Here's the opening of the coverage at the New York Times's Caucus Blog (also subject to possible updates):
That's fine. AP and the Times generally handled this one as it should be handled, and as readers would want to see it handled (readers should be advised that subsequent revisions to the above items may see journalistic decay in other aspects).
If only the wire service and Old Gray Lady were consistent.
The trouble is, so many previous AP and New York Times dispatches fail to directly identify the resigning politician's party, or wait until very late paragraphs until doing so. Here is a small sampling of many examples:
- Higher up the political food chain, former New York Governor Eliot Spitzer, who resigned in the wake of getting caught using the services of high-priced prostitutes, this March 12, 2008 AP report did not identify Spitzer's party until the 35th paragraph (that's not a typo). The New York Times's Michael Grynbaum only tagged Spitzer as a convention "superdelegate" for his party in his 1,300-word report's 16th paragraph.
- At a parallel level, there's this AP "classic" on the indictment of Congressman William Jefferson of Louisiana, where the wire service's Lara Jakes Jordan and Matthew Barakat never specifically identified Jefferson's party, but only cryptically did so by mentioning the party of affiliation of Nancy Pelosi (even so, Pelosi was in charge of the entire House at the time, so that's not even a crystal clear tip-off). The Times report on Jefferson's indictment was uncharacteristically good, naming Jefferson's party right away.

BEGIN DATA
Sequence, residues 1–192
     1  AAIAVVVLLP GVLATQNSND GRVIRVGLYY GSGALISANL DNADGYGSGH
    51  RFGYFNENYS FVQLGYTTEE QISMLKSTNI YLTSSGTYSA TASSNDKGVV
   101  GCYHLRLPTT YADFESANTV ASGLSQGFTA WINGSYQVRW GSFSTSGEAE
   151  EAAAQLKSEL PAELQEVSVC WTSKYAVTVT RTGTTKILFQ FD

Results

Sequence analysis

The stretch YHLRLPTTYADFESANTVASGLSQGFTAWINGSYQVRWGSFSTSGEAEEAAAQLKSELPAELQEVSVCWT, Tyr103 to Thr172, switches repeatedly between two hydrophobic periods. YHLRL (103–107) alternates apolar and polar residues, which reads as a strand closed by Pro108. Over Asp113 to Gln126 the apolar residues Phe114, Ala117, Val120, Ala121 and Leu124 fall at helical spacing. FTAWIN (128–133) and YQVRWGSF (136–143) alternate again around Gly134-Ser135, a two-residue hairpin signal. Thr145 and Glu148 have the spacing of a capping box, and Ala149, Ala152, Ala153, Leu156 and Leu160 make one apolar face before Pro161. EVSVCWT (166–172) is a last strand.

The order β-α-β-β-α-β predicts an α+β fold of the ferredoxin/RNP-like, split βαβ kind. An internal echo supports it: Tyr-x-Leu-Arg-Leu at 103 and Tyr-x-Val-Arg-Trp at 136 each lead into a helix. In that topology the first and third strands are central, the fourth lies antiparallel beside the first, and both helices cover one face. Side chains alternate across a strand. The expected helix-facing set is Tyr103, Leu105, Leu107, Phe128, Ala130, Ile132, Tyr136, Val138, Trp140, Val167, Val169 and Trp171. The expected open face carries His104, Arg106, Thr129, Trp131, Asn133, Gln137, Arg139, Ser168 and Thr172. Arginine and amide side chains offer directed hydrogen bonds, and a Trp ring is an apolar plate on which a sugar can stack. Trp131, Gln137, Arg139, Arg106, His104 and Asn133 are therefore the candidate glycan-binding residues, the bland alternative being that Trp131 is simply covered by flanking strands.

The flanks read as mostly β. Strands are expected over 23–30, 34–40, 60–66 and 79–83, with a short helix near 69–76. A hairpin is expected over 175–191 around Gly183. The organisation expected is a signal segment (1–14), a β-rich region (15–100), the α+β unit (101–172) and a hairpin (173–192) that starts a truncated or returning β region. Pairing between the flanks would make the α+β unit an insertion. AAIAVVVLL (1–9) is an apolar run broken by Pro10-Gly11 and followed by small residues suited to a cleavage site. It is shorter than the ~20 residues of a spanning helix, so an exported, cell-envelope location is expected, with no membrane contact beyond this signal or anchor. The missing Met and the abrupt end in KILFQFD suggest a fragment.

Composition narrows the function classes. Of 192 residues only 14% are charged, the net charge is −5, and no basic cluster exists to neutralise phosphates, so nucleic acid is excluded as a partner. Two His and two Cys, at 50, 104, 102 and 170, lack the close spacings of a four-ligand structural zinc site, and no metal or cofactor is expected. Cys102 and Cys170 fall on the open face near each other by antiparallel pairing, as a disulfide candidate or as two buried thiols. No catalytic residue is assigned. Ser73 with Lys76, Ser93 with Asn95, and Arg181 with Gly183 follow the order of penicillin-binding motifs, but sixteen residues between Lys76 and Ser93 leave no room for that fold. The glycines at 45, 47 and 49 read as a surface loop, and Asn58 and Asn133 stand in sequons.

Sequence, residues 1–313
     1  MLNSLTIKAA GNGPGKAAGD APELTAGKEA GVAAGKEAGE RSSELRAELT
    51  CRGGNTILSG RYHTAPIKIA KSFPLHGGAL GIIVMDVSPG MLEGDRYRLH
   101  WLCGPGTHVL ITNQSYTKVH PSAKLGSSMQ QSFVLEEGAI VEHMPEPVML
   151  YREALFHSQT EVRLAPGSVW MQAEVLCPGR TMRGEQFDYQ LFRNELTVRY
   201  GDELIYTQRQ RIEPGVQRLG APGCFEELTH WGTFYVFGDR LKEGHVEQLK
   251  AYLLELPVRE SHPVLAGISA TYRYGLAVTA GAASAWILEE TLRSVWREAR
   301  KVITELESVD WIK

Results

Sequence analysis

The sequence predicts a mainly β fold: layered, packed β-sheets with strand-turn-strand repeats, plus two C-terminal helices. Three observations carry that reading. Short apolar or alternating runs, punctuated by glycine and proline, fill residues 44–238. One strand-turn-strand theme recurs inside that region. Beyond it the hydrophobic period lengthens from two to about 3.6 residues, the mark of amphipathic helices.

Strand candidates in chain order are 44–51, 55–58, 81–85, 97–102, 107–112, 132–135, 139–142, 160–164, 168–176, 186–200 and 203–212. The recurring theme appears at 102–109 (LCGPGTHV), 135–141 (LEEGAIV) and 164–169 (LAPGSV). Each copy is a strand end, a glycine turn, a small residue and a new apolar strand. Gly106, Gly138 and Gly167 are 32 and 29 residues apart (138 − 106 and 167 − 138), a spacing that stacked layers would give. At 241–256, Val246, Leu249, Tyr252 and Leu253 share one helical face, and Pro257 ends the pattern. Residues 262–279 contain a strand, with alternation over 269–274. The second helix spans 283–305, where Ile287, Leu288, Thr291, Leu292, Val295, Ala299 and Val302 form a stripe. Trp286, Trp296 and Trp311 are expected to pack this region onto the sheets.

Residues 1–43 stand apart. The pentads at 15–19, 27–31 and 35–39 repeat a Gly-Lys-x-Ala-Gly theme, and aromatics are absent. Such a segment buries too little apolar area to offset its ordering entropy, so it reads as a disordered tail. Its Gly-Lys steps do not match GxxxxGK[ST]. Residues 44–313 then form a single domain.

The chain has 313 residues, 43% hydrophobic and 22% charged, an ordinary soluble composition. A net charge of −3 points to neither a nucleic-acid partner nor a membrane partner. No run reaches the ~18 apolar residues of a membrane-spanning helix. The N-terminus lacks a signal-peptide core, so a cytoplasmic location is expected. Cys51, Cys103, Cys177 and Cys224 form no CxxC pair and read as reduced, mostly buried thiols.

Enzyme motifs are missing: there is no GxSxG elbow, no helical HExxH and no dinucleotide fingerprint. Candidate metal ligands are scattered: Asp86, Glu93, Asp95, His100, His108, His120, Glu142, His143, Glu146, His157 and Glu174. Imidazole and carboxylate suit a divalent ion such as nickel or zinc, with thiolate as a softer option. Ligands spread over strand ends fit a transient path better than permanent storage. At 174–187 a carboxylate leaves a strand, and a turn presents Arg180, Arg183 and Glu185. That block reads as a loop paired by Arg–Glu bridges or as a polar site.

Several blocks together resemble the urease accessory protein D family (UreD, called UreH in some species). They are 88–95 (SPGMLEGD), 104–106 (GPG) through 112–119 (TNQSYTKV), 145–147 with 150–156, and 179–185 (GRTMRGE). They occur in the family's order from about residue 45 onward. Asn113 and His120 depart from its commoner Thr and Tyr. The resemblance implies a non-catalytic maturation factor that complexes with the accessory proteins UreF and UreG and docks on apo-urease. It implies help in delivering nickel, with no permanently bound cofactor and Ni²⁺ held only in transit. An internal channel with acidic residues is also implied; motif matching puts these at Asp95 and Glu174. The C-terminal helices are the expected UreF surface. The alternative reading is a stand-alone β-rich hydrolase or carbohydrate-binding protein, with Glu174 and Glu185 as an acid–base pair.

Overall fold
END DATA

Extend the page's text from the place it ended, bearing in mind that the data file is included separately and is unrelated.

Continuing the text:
- Concerning former Detroit Mayor Kwame Kilpatrick's conviction and resignation, this September 4, 2008 AP report waited until Paragraph 8 to identify his party. A 500-word synopsis of the sordid Kilpatrick saga at the New York Times does not mention Kilpatrick's party, nor, as noted previously in a separate post (at NewsBusters; at BizzyBlog), do the vast majority of the Times dispatches underlying it.
The difference, of course, is that Spitzer, Jefferson, and Kilpatrick are Democrats.
Finally, here's an interesting comeback argument that might come from those who claim yours truly is being selective by ignoring recently resigned New York Democrat Eric Massa.
Well, as the Time intimated, Massa was "outspoken." The AP's Kellman was much more specific, almost to the point of doing an end-zone dance: "His departure is good news for House Speaker Nancy Pelosi's effort to advance a troubled health care overhaul. Massa had voted against it. His departure reduces the majority she needs for passage to 216."
The Times and especially the AP wanted to make sure readers knew that Massa was really a "bad Democrat" -- not in his conduct, but in some of his key political stances, particularly on the Holy Grail of statist health care. It appears that from their perspective, the party was ideologically purified by Massa's departure.
Go here for all tagged "Name That Party" NewsBusters posts.
Cross-posted at BizzyBlog.com.